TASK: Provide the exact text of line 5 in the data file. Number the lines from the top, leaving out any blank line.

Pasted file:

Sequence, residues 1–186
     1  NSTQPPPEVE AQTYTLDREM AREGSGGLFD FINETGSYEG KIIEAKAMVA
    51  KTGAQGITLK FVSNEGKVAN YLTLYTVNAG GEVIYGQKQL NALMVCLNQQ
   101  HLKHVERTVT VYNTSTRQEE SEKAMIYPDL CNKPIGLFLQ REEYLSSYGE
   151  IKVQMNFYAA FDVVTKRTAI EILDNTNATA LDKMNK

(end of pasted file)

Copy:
   151  IKVQMNFYAA FDVVTKRTAI EILDNTNATA LDKMNK